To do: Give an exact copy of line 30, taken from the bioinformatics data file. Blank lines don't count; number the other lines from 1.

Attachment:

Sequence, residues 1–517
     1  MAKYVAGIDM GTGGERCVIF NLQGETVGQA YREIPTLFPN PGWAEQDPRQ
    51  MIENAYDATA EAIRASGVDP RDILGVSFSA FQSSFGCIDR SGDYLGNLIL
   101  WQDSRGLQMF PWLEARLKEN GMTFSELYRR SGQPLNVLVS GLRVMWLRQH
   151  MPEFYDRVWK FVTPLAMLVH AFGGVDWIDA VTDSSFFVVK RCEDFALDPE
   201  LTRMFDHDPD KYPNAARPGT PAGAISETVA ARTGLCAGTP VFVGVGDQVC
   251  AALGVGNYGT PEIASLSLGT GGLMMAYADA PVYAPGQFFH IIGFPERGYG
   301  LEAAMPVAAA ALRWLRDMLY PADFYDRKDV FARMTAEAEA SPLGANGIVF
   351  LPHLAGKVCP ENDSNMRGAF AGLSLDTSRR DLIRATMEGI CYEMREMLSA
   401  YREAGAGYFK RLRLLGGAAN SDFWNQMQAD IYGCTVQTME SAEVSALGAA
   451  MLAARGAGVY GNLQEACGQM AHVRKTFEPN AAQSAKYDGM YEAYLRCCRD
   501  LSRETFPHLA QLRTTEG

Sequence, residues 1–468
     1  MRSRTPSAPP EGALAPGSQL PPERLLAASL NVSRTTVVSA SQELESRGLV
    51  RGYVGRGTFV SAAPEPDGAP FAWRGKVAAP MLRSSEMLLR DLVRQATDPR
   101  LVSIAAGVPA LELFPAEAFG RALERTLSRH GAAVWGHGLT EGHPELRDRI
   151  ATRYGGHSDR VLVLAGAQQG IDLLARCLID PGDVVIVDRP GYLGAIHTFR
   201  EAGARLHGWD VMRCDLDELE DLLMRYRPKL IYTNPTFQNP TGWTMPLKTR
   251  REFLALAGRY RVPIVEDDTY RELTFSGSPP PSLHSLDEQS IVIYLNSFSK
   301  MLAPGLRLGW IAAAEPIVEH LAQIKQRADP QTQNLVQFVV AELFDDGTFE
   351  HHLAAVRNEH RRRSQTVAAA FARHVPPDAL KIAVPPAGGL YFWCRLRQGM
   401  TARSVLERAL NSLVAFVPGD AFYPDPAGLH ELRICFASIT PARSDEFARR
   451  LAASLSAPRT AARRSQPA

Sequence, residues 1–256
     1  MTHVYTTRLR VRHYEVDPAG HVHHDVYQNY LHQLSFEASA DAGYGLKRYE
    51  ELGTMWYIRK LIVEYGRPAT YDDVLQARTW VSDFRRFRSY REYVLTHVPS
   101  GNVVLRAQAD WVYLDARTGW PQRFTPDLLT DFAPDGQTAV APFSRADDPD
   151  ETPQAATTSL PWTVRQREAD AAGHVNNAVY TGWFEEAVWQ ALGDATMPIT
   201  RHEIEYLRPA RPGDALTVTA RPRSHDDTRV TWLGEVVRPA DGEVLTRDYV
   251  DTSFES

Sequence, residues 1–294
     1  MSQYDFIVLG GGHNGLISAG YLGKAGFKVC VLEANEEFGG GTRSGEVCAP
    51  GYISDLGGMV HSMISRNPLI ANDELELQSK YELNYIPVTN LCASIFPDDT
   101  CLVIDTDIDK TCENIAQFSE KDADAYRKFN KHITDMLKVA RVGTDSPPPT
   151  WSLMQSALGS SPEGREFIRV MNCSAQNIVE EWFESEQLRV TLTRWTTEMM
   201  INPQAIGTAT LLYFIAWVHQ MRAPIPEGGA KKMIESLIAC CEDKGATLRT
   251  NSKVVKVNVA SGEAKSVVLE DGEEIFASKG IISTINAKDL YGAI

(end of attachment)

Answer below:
   251  DTSFES